John McCain: Domestic Violence is Hi-fncking-lariousUh, what?
The story behind the headline concerns questions as to why McCain did not choose Arizona governor Jim Gibbons to chair his campaign in that state.
Why was McCain snubbing Gibbons? McCain replied with a chuckle that he had just stopped beating his wife a couple of weeks ago.
It turns out that the entry at CFLF links to one by Jake Tapper at ABC News:
To be clear, McCain was alluding to the fictitious leading question "When did you stop beating your wife, senator?" It's a bit of distasteful DC yuckery so commonly quoted it's hackneyed."DC yuckery"? Let's grant right away that McCain's reply might be considered awkward to a slight degree. "DC yuckery"?? Where has Tapper been? The "Have you stopped beating your wife?" question is the classic example of the complex question. That is, the technique of asking a question containing a questionable premise. If the one questioned offers an answer then it will appear that he accepts the premise.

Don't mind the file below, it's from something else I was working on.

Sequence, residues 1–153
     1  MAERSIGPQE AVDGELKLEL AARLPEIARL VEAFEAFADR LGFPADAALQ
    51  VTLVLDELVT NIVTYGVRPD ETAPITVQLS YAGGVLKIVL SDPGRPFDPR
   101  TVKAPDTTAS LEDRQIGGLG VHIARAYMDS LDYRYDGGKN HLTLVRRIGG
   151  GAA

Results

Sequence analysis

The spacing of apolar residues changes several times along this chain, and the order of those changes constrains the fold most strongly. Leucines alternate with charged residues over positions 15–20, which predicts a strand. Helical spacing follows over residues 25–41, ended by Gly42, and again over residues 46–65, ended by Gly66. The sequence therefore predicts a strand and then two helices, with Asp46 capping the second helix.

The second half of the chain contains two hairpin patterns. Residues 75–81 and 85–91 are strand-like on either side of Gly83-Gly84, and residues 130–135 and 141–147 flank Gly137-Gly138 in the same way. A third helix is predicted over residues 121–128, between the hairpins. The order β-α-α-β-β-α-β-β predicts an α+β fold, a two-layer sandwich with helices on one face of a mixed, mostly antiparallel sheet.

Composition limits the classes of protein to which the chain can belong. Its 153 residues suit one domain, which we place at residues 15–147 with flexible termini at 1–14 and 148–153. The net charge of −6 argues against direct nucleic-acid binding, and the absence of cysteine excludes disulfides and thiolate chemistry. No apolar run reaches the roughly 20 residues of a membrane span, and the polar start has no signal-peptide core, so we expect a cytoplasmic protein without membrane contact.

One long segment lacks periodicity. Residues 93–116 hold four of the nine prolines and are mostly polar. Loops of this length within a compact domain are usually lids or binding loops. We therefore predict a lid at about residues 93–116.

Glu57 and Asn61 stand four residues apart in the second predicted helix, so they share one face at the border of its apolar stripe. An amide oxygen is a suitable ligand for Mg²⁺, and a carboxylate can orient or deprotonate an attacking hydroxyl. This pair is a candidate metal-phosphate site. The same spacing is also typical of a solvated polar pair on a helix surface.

But considering the subject McCain was discussing at the time, to allude to that joke was, well, .....awkward!
The definition of "DC yuckery" should be closer to DC reporters offering yucky analysis like Tapper's.
Perhaps Tapper should explain why pretty much every online explanation of logical fallacies seems to be up on its "DC yuckery."
Or, as BIll45 stated in the commentary section below Tapper's entry:
"DC yuckery." Unbelievable. Does Tapper work with an editor?
The question "when did you stop beating your wife?" is not, as Tapper claims, "a bit of distasteful DC yuckery so commonly quoted it's hackneyed." Rather, the question is used in every first year law school evidence class as the classic example of the unfair misdirecting question that leaves the respondent with no choice but to assume the truthfulness of the underlying yet unproven proposition -- that the respondent is presently or has in the past beaten his wife.
McCain was quite right to raise it in this context as an example of media unfairness.